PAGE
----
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July 2004 Article of the Month
This month's article selection is by Chaplain John Ehman,
University of Pennsylvania Medical Center-Presbyterian, Philadelphia PA.


Arslanian-Engoren, C. and Scott, L. D. [University of Michigan, School of Nursing, Ann Arbor, MI]. "The lived experience of survivors of prolonged mechanical ventilation: a phenomenological study" Heart and Lung: Journal of Acute and Critical Care 32, no. 5 (September-October 2003): 328-334.


BACKGROUND: Considering how common mechanical ventilation has become, and how many people require a respirator either for extended periods of time following acute illness or on an ongoing basis as a result of a chromic condition, very little research has explored patients' experiences of this therapy and how they cope with it. Furthermore, of the few studies that touch upon patients' experiences, only one (prior to this month's featured study) appears even to mention the significance of religion/spirituality [see the article by Logan, J. and Jenny, J. in the Other Items of Interest section, below]. Yet chaplains who visit with patients receiving mechanical ventilation can easily attest to how many utilize pastoral support and draw deeply upon spirituality to contend with the anxiety, frustration (especially with communication), helplessness, and discomfort of having a machine in charge of one's breathing. The present study begins to open up the issue of the personal and clinical importance of spirituality for ventilator patients, and it suggests an area of research in which chaplains may play an important role.

SUMMARY AND COMMENT: This small qualitative study from two academic nurses explores the "lived experience" of seven people who had undergone prolonged mechanical ventilation (PMV). Subjects participated in semi-structured telephone interviews (ranging from 25 to 45 minutes) based on the research question, "What is it like to experience survival from prolonged mechanical ventilation?" They were "asked to identify important aspects that contributed to their successful liberation from PMV" and "encouraged to share all their thoughts and feelings that they could recall" [p. 330]. Analysis of the responses indicated six themes: 1) endures a traumatic experience, 2) relies on self-determination, 3) credits family support and devotion, 4) finds comfort through religion and prayer, 5) praises health care professionals, and 6) derives reassurance from angelic encounters. Of these themes, those concerning religion/prayer and angelic encounters are noted by the authors to be heretofore "not evident in the published literature" [p. 332].

Regarding the theme of finding comfort through religion and prayer, the authors elaborate:

According to the participants, they "prayed a lot every day," either in private or with family members, throughout the entire "ordeal." "Belief in God" and "belief in the power of prayer" provided comfort and support during "anxiety attacks" or episodes of fear. Moreover, the participants believed that "something more powerful than us" assisted in their recovery. [p. 332]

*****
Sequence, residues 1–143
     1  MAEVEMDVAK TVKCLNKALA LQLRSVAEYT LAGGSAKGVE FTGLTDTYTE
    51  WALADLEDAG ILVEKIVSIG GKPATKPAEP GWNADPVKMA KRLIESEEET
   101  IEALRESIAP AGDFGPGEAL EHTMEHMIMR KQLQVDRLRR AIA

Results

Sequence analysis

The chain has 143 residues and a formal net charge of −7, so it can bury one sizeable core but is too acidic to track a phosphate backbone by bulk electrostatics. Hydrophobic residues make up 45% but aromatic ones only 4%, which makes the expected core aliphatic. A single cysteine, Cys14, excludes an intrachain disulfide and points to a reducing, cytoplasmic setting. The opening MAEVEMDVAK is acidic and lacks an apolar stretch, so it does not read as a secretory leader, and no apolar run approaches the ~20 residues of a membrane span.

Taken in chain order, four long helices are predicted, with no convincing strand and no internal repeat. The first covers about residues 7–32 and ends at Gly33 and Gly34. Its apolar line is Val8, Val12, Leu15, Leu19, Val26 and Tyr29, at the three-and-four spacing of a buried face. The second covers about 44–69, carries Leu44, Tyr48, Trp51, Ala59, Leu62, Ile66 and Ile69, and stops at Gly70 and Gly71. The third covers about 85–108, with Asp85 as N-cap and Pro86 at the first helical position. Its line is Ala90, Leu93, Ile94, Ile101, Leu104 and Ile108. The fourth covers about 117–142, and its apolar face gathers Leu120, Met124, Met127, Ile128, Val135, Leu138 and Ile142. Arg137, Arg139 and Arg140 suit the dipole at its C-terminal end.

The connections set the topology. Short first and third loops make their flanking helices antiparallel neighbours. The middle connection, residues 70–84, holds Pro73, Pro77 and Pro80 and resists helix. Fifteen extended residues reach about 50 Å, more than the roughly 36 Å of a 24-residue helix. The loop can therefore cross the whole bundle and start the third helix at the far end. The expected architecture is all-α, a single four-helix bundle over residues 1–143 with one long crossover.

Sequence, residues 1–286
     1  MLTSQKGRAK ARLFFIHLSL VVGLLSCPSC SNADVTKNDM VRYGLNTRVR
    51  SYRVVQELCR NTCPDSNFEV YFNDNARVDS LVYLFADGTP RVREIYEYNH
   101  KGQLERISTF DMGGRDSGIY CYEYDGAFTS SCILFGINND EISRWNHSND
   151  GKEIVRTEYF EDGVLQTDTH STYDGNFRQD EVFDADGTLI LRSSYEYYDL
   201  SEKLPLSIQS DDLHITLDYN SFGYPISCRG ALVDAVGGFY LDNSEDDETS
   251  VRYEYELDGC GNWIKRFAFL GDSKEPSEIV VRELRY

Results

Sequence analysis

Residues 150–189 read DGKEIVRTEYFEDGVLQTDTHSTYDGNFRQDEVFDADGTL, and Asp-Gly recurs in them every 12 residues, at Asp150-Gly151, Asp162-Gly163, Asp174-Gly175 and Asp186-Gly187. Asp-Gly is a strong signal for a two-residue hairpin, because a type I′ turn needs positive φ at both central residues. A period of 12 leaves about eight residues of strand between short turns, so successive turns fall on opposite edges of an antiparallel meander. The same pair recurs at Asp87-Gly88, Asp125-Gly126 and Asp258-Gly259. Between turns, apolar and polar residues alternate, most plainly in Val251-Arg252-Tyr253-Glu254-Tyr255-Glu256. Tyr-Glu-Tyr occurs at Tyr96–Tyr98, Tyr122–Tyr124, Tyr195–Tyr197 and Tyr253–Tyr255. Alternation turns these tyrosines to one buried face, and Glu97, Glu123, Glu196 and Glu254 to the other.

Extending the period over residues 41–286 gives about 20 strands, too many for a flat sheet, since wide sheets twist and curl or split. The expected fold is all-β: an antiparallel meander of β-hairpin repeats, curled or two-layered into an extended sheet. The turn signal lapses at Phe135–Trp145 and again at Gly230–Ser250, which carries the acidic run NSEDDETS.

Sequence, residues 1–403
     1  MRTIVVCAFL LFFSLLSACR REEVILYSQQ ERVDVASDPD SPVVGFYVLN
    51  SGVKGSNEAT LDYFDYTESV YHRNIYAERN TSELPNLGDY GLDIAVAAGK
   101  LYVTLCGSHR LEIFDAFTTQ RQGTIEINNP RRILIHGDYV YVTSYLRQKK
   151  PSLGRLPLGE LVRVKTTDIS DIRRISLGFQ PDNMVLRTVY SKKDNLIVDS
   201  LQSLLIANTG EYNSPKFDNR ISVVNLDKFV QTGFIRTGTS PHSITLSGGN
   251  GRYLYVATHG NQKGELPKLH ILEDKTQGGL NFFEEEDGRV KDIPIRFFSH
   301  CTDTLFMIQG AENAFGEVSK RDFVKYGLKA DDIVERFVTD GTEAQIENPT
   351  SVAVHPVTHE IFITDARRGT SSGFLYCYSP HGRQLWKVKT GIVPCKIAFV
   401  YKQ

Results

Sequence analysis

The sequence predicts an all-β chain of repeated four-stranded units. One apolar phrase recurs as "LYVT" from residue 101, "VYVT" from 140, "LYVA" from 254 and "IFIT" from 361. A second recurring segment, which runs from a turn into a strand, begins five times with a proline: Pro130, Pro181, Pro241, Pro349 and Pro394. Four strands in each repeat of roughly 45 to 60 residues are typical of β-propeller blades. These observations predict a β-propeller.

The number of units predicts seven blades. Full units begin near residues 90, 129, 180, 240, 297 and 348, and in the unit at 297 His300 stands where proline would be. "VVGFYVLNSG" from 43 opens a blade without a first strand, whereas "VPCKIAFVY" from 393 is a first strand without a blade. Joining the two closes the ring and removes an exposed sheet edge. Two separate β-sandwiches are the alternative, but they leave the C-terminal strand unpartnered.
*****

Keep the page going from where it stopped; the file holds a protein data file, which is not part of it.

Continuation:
And on the theme of deriving reassurance from angelic encounters:
Seeing visions of "angels" and receiving guidance and encouragement from "deceased relatives" provided participants with the reassurance that they were "going to make it through" this traumatic experience. One participant described conversing with her deceased mother who told her, "Baby, go back. It's not your time yet. God has something for you to do and you go back." Another participant recalled an incident where her grandfather, whom she referred to as her "guardian angel," appeared at the bedside. She believed that "he was there to help" her and insisted that he "pulled" her through this traumatic event.... [p. 332]

The authors report that all seven interviewees cited these two spiritual themes and held them as "vital to their ultimate liberation from PMV," providing "the psychological sustenance necessary to endure and persevere through the liberation experience" [p. 332]. The implication for health care professionals is said to be that patients should be afforded the "opportunity for religious and spiritual expressions," that "specific information concerning patient and family religious practices and preferences should be incorporated in the...plan of care," and that "as visions and apparitions are believed to be a source of patient comfort, concerted efforts should be made for open expression of these events" [p. 333]. The authors continue:

The challenge before critical care nurses will be to distinguish between religious and spiritual expressions and hallucinations. As such, pharmacological interventions to suppress these expressions must be judiciously considered and instituted only if patient safety is at risk. [p. 333]

In spite of the relatively weak sample of patients surveyed (i.e., only seven out of an original pool of 429 patients), this study is a good example of phenomenological research in that the authors do not seek to explain away patients' spiritual themes (e.g., as would be the case if they had merely labeled patients' memories of angelic encounters as hallucinations) but report these themes with a respect for the data as offered by those who have lived through the experience in question. Also, the article details well the methodological process used to discover patients' themes, according to the "Giorgi 4-step analytic method" [p. 330], each step being illustrated in a section on Data Analysis Procedure.